Okay, I’ll admit it: I’m homesick. I’ve got a serious case of longing for Canada these days. I’m coming on two years (albeit for a brief hiatus in early 2013) in Uganda and good ole ‘culture shock’ has finally snuck up on me.
These days, I am longing for the seasons and holidays that don’t exist here: the transition months between summer and winter, the smells and sounds of Autumn, the fleeting season that gives up the sweetest fruits. A season of busy canning hands, of saying goodbye to the summer and (perhaps somewhat reluctantly) hello to the winter months ahead. I miss the season’s rituals. And, of course, I miss all the loved ones with whom I share those rituals.
For example, I never thought I’d feel nostalgic for dressing up in a costume and carving pumpkins, but as October 31st approaches, that’s exactly how I feel! Yet, how to explain ‘Halloween’ to my Ugandan friends and community here? Instantly, as the words come out of my mouth, it sounds as ridiculous as it is:
“Yeah, it’s the day we all dress up as different characters, eat candy, carve pumpkins and have parties.”
“Hmm, I can’t remember why — but why not? It’s a lot of fun.” I laugh.
Halloween has got to be one of the most ridiculous of Canadian-celebrated holidays. But it’s my ridiculous holiday and my ridiculous culture. I imagine that someone from Spain would experience the same difficulty (if not more) explaining ‘La Tomatina’ – a tomato throwing festival’ to Ugandans, also.
So these days, I’ve been burning up Internet data like a madwoman, Skyping with friends and family members nearly everyday. Wishing I could slip through the screen and back into familiar settings: the living rooms and kitchens of friends where we’d be sitting and digressing on life with big cups of coffee, a glass of wine, beer, whatever. I find myself regularly tearing up at the end of an hour-long conversation.
“I love you,” I blubbered to a childhood friend the other morning. “I’m sorry that I’ve been so out of touch, but I just want you to know that I’m always thinking of you.”
It’s true. My Canadian self: all the rituals, friendships and memories that make up my identity, they are ever present with me here as I’ve embarked on the process of growing roots in a country, literally, halfway around the world and trying to adapt to a culture that just isn’t my own.
Funny that it took so long — nearly 24 months — but my Ugandan honeymoon is definitely over. What once felt exciting, challenging and thrilling now feels a bit difficult, tiresome and goes against all instinct. I find myself struggling to express myself to friends here, to unpack this “condition”, this “culture shock” of mine. I don’t like admitting that I’m feeling down, less like the ‘Trina in Uganda’ and more like ‘Trina in Canada’ — mentally and emotionally, anyways.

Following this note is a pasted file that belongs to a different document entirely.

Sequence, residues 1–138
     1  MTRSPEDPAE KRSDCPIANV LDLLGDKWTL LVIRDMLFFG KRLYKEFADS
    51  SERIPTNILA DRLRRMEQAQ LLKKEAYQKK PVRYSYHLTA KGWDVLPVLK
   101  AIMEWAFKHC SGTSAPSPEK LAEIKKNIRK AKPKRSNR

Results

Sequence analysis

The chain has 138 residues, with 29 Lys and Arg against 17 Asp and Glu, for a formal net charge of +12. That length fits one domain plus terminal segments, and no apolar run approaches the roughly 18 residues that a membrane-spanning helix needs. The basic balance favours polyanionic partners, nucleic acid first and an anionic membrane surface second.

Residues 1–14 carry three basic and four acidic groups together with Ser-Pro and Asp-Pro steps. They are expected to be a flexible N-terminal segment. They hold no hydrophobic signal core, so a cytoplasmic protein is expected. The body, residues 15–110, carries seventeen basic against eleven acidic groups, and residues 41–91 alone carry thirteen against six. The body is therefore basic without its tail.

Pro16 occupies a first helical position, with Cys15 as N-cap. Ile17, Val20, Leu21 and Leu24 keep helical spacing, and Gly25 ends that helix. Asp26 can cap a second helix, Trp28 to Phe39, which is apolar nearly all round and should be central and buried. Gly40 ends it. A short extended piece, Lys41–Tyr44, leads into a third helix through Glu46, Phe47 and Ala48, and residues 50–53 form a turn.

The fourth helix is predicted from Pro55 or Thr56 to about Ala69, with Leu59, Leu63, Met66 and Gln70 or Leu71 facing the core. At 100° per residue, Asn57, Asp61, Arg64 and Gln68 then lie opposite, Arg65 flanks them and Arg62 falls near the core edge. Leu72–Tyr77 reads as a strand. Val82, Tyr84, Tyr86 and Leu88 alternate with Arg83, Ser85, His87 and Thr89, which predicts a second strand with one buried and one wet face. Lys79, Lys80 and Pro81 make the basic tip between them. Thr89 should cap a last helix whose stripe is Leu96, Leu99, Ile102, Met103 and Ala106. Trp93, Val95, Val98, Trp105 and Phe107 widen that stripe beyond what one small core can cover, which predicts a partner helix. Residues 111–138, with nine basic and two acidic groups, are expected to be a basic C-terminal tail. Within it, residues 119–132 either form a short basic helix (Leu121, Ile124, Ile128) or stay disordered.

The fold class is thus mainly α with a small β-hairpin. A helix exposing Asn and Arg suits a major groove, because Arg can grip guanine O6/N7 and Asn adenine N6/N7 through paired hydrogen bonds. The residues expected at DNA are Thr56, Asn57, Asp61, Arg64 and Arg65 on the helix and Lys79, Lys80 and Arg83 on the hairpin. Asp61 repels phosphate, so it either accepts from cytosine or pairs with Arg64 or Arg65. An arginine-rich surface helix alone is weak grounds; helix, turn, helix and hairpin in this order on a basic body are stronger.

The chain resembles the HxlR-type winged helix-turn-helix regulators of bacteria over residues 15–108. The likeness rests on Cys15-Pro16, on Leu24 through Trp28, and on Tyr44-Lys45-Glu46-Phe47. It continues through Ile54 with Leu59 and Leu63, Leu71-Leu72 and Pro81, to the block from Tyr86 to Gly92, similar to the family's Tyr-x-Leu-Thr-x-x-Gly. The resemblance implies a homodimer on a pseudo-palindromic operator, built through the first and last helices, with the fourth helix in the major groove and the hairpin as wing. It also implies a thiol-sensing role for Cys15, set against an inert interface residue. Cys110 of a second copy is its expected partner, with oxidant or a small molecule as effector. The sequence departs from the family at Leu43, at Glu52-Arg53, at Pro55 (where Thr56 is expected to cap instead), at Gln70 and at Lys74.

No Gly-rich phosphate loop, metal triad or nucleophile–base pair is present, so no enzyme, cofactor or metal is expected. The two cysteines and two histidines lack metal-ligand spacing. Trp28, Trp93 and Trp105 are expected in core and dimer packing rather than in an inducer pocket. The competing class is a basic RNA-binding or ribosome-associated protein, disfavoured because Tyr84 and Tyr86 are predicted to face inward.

How do I say that even the smallest task can feel burdensome, like going to the vegetable market where, certainly, I’ll be shouted at by men, “Muzungu!” or stared at by women and their children like the strange specimen that I am here. (I can’t tell you the number of times I’ve watched a father or mother bends down and tells their child, “Look, you see there a Muzungu!”) Somedays, I long to be invisible here. I long to walk down the streets that I know and that know me and be just another lady on her way to the market.
I’m trying to make sense of the deep culture shock I’m feeling these days. Just up and booking a flight home isn’t an option for me. I need to finish up a work contract. I have research to do, a book to write. I also have a Ugandan fiancé — a wonderful partner, friend, lover and co-adventurer — he’s the biggest reason I stay.
Recognizing this culture shock (identity shock), I realize I need to find new strategies to adapt to living a healthy, balanced life in Uganda. When I first came, I put all my Canadian instincts, longings and desires aside. I think I even went so far to suppress some of that Canadian “me” as I was learning, trying to understand, appreciate and “live” the Ugandan me. But I’m realizing that strategy just isn’t sustainable, not for the long haul.
It’s impossible to completely adapt, assimilate to another culture. Some cultural differences may always feel ‘different’ for me. Perhaps the more realistic and sustainable approach, then, is recognizing that it’s absolutely okay to be different here, because I am different.
I am a Canadian living in Uganda and I’m entitled to my instincts, desires, longings — to my rituals and holidays, too.
So tonight I’m inviting over some Ugandan friends (and a American friend, too) to celebrate Canadian Thanksgiving Dinner. I didn’t do that last year. It didn’t feel important to me then, though, two years later — and missing home like crazy — it does now.
I know I can’t indulge in all my Canadian rituals — roasting a turkey or baking a pie — but I can try to be resourceful, to use what’s here to make a symbolic ‘what’s there.’ So we’re having fried rosemary chicken and stove-top pumpkin pie. I can’t tell you how important this act of making Thanksgiving dinner and sharing it with friends really feels to me today in Uganda. It does make me feel closer to my identity. It does seem to reconcile the gap between the ‘me’ in Uganda and the ‘me’ in Canada.
Stovetop pumpkin pie, somehow, makes me feel closer to home, here and there.
Happy Canadian Thanksgiving from Uganda, ya’ll!